th1b.taylor
th1b.taylor

If MS does not rewrite the kernel, as was promised for the Longhorn Project, changing the name will only be laughed at. First, please understand, I went from Beta Tester to Ubuntu/Linux User/Installer in ??07 because of disgust. MS is in trouble because they do not seem to have the single minded direction of a Bill Gates and with the Legacy Support within the Linux line Micro Soft is years behind in innovation. I, recently, loaded an AMD K6 system with 256 megs of RAM and a forty gig hdd with Puppy Linux/Lucid and it ran like a system with 4 gigs of Ram with a Quad-core processor. The long and the short of the matter is that MS has got to step up to the plate, keep it??s focus and stop lying to it??s customers.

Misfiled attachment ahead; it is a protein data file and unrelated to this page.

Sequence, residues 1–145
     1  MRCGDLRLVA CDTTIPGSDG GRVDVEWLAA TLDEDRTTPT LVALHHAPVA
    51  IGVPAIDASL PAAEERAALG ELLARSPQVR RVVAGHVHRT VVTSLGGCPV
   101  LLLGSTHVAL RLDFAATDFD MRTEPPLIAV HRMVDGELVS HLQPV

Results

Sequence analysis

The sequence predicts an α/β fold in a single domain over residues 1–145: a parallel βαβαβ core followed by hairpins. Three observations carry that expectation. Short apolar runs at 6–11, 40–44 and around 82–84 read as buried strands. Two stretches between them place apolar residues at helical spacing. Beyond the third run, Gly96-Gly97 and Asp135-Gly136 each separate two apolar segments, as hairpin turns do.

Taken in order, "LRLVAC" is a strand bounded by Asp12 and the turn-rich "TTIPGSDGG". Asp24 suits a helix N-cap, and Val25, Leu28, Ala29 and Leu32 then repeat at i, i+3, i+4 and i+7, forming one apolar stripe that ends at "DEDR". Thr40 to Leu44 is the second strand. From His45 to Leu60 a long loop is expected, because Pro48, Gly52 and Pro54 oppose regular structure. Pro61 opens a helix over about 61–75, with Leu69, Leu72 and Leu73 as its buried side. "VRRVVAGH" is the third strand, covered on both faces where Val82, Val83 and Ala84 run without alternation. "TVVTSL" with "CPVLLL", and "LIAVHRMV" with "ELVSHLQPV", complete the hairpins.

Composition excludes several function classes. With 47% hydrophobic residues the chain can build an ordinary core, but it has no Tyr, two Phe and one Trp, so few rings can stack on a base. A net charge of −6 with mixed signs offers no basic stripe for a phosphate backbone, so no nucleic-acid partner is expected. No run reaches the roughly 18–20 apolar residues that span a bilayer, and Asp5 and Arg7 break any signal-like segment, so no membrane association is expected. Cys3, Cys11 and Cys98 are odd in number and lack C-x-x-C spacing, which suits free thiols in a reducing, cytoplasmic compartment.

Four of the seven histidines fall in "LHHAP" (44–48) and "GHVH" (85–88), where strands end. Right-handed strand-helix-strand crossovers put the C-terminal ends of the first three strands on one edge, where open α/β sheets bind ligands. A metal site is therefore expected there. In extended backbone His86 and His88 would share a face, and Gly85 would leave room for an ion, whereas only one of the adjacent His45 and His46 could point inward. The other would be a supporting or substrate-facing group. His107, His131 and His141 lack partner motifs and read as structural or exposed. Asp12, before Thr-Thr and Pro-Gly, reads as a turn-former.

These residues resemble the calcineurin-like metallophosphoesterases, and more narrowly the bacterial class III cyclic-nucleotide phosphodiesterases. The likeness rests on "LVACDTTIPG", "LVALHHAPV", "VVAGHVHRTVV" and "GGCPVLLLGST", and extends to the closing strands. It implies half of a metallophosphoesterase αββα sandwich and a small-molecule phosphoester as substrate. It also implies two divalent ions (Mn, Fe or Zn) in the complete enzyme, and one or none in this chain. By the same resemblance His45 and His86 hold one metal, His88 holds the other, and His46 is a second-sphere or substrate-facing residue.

mswift
mswift

The supposed strength of Apple IOS is the number of apps available 400,000 inexpensive things that generally perform a a single function. You think that MS would be smart to blow off the millions of existing DOS (lots of controls system running out there on DOS) apps and Windows apps to be "fresh"???? I have DOS apps we wrote in the late 70s that run untouched on 32 bit Windows 7. If you followed the rules, all that stuff still works.

YetAnotherBob
YetAnotherBob